James and I have taken Italian 101 about 9 times and one of our teachers in Sydney was Giacomo, who came from Ishcia. He told us while breaking into song in class that in Ischia everyone sings.
Approaching Ischia from Ventotene, we sailed past the northern part of the island. From a distance, you could be looking at a Hawaiian Island, the same vision of lush green tropical foliage. It is easy to pick out the Volcanic crater that created the island, you can see where, hundreds of years ago, part of the rim has been blown off. Approaching from sea, it is spectacular, because you see not only fertile Ischia, but Procida and in the distance the Italian mainland.
Porto Ischia is full, so we proceed to Casamicciola, moor the boat and head off to explore.
Casamicciola is fairly quiet in the afternoon, just a few shops open and this is partly due to the heat. Italy has been having a heat wave and everyone is inside escaping the heat. Casamicciola is vibrant in the evening, with everyone out for their passeggiaata, buying gelato and wandering up and down the waterfront. But now we jump on a bus and head to Ischia the town. This is a much busier but very touristy part of Ischia. Lots of shops and restaurants with photo menus and masses of day trippers who come over from Naples on the ferry. After trying on a few pairs of shoes, we headed over to the Castello Aragonese.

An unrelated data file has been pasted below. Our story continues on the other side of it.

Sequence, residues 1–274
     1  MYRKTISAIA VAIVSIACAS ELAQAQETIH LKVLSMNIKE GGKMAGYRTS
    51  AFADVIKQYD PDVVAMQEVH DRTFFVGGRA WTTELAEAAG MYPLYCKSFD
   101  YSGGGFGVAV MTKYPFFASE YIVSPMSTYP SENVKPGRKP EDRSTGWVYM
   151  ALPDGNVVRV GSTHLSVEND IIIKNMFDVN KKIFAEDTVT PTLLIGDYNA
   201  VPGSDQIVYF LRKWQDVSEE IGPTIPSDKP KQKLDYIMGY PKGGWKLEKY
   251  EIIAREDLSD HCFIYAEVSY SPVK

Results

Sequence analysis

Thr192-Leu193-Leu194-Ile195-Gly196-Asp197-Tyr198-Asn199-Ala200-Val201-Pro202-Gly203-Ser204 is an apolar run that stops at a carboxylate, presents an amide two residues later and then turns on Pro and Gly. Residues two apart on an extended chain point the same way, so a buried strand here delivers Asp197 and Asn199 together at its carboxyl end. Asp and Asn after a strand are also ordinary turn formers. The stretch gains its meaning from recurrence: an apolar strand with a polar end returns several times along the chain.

Wikipedia tells us Castello Aragonese, the fortress initially built by the Hiero of Syracuse in 474 BC on an islet rock near Ischia. In 1441 Alfonso V of Aragon connected the rock to the island with a stone bridge. We were particularly taken with the sight of Mount Vesuvius from the bridge.
We wander around laneways and waterfront, saving hills and stairs for Sunday. We had a wonderful dinner at Ristorante da Ciccio with the venerable Mr da Ciccio and the lovely Carlo bringing us wonderful food, with beautiful music and a peaceful ambience in busy Ischia.
Sunday morning, we headed off to Giardini La Mortella (Place of the Mrytles), this stunning garden was started in 1956 by English composer, William Walton and his wife Susana. They purchased this land in a disused rock quarry and they collected specimens from all over the world to grow in this rich volcanic soil.